Linked by Stefan Michalowski, M. Sc. on Thu 19th Aug 2004 08:27 UTC
Editorial Lately posted on Slashdot, an article written by Joel Spolsky mentioned the trouble through which Microsoft went to make each version of Windows backwards compatible. In one case, for the game Simcity, they even changed the way memory handling was done when running that application. You can find additional stories of software tricks that recent versions of Windows have to perform in order to run these bug-dependant applications on the web. After reading the story, I discussed with a couple of friends how weird this was and how Free Software completely avoids this problem.
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RE: Re: *Sigh*
by anonymous on Thu 19th Aug 2004 12:16 UTC

>Not many, typically only propertiary software. Reason is,
>downloading software in a binary form wich would fit all
>distros is not the idea on Linux, it's the other way around.
>The developer release the source, and packagers release
>distro-tuned packages. I'm seeing this work great right now
>on my Mandrake system, utilizing urpmi and a couple of

You are right. _You_ , i mean. It works for you, good.
Please take your time to read the first link in the article.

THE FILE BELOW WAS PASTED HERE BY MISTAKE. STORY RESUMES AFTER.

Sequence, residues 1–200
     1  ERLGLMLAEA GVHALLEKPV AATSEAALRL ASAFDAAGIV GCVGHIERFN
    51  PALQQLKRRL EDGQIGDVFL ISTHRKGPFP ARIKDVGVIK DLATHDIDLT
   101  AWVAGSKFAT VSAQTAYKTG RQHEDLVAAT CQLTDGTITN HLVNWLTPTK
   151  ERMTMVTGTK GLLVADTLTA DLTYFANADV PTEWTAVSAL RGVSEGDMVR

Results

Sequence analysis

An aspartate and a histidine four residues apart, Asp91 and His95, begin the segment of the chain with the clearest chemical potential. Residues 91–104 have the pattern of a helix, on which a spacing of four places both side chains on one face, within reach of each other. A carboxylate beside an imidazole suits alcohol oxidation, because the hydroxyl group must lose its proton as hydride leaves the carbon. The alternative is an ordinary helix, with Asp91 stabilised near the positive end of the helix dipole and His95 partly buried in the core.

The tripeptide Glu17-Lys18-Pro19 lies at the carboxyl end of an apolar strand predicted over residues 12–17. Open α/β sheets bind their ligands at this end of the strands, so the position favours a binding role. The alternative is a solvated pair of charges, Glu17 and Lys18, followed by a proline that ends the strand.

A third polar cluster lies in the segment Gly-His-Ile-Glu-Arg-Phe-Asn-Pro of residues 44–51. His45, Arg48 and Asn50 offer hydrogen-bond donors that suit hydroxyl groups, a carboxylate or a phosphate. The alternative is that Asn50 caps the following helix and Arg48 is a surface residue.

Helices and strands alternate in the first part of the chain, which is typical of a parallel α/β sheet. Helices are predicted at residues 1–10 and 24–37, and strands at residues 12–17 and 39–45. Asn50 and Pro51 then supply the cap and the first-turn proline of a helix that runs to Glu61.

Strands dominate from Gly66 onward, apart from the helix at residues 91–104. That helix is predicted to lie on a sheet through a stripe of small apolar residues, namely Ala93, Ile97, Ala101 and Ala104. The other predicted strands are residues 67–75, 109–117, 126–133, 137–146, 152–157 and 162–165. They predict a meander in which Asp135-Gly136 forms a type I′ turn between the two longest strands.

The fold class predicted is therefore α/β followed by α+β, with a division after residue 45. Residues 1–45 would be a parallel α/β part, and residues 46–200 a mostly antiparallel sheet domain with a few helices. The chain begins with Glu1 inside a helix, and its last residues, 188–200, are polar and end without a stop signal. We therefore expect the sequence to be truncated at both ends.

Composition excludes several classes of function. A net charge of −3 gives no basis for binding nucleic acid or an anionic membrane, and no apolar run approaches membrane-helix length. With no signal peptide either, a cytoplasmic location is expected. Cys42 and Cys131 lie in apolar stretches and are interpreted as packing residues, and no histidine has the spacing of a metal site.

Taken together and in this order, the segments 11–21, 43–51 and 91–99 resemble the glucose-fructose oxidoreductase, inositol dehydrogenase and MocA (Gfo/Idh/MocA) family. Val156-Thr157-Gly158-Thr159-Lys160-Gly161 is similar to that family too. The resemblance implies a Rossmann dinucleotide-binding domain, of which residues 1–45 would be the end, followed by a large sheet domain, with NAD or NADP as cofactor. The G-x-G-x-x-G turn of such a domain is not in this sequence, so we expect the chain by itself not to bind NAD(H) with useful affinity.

The one that points to;
Read the lot of it, and try to understand some of the most
important pice in it. (Namely, that attracting developers to
your operating system is about the only thing that matters.)

And please, stop thingking as applications only as the ones everyone uses, mail apps, browsers, office suites et.c.
Summing up all the companies I've visited, I've seen both small and big specialized applications, they by far outnumber the more common ones.
But they're used by few, some specialized app in one company, some in others. They all do use and rely on the common applications ofcourse, but
the specialized ones are just as imporant for just them.
If you want such people to use your OS, the required applications must exist (or someone must be willing to develop them) -> attract developers. The OSS community isn't
going to be able to develop every little piece of program everyone needs (When was the last time you saw a ISUP protocol tester on freshmeat ?).
And a hint, binary compatibility is a nice way of attracting
developers, and assure them they don't have to redo/update/
keep track of/ every little piece of updates that goes on elsewhere.